Machine learning and metagenomics to study microbial communities

Luis Pedro Coelho

Microbial communities

Definition: A microbial community is just many small organisms living together.

Most often, we study bacteria and archea (prokaryotes, but some people do not like that word as it's not a monophyletic group).

Less often, microeukaryotes.

Q What are the (wet-)lab tools to analyse microbial communities?

Wetlab methods

  • Sequencing
    • WGS (metagenomics)
    • Amplicon (16S, typically; but other genes too)
    • Transcriptomics
  • Imaging
  • Metaproteomics
  • ...

The biggest reason why we study prokaryotes more than eukaryotes is that it's easier.

Which environments are typically analysed?

  • Host associated microbiomes (with clinical implications)
  • Environmental samples (ocean, lakes, soil)
  • Wastewater treatment plants
  • Cheese
  • ...

Introduction to metagenomics analysis

(Most of this also applies to amplicon and metatranscriptomics sequencing)

  1. Collect sample
  2. Extract DNA (or RNA)
  3. Perhaps more manipulations (amplicon, RNA -> cDNA, ...)
  4. Send sample to sequencing centre
  5. Sequencing happens
  6. You get FASTQ files

Alternative pipeline

  1. Download FASTQ files from ENA (EBI) or SRA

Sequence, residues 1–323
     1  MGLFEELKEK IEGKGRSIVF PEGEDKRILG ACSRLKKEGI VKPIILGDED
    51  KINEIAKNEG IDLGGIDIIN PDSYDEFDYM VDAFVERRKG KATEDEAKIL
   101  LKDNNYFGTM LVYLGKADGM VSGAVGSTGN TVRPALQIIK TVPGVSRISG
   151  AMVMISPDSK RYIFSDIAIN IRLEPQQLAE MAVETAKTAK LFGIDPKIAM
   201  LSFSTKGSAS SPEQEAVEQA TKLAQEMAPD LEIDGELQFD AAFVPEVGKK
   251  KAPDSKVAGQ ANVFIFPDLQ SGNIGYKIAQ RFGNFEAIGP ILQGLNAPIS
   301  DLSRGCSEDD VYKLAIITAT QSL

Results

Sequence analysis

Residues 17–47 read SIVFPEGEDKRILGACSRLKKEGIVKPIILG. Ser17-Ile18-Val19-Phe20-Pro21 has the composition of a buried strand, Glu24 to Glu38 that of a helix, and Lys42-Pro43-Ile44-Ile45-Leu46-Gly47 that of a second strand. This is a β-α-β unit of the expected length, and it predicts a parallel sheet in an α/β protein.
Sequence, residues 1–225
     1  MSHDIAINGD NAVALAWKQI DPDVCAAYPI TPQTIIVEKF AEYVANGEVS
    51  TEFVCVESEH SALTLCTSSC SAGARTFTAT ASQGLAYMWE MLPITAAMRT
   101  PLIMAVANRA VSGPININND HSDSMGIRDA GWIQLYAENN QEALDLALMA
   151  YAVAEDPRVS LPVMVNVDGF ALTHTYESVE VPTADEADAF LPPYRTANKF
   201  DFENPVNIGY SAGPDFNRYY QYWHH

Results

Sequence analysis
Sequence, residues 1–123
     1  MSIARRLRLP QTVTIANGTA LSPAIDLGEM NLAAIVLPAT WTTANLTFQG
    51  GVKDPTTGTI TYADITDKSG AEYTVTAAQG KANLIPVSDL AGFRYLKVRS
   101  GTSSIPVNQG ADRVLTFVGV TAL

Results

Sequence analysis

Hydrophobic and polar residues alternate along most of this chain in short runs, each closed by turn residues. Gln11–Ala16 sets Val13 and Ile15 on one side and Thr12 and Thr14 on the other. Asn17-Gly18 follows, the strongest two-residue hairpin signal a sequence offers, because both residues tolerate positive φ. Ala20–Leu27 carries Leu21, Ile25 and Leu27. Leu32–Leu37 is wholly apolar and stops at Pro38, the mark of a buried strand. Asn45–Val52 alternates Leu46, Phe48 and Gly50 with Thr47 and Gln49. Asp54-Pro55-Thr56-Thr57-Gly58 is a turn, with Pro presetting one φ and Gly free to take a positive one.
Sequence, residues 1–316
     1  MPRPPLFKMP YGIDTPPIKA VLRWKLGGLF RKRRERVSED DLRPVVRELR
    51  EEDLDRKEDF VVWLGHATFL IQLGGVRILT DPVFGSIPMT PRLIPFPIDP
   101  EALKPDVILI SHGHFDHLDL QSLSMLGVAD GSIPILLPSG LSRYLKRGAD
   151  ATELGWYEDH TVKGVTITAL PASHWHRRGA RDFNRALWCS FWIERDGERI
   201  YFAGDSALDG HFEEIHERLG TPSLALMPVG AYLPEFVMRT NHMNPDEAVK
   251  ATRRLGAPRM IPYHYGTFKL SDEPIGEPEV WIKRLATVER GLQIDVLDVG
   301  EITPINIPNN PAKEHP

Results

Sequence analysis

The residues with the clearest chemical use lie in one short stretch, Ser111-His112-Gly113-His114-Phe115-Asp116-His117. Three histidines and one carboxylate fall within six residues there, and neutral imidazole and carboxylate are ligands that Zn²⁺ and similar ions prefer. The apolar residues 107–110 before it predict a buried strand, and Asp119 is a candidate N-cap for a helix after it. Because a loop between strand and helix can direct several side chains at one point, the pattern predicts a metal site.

Raw metagenomics data (FastQ Files)

  • We cannot process metagenomics data in a 1-day course: too much computation, too many tools to introduce; not enough time.
  • We can, however, do some functional data analysis if we start with preprocessed data.
  • Still, let's discuss what can be done with these data and how they are processed in general.

What does a FASTQ file look like?

@HWI-D00647:25:C4P50ANXX:1:1101:1914:1994:0:N:0:AGGCAGAAAAGGCTAT
TAAAAGCATCAAAGTTTTTATAAATTTTTTATCCAACTTAAACATTTTTTTCCTCCTAA
+
<>BGGGGGCGGGGGGGGGGG>GGGGGGGGGGGEGGGGEGGGGGGGGGGGGGG>GGBGGG
@HWI-D00647:25:C4P50ANXX:1:1101:4595:1998:0:N:0:AGGCAGAAAAGGCTAT
CTCTATCGCACGCTCCAGGCGCGCTATCCCCAGGCGATAATCGATGTGATGGCACCGGC
+
:>BGGGGGGGGGGGGGGGGGGGGGGGGGGGGGGGGGGDGGGGFGGGGGGGGGGGGGGGG

Q How would you process these data?

Gene catalog approach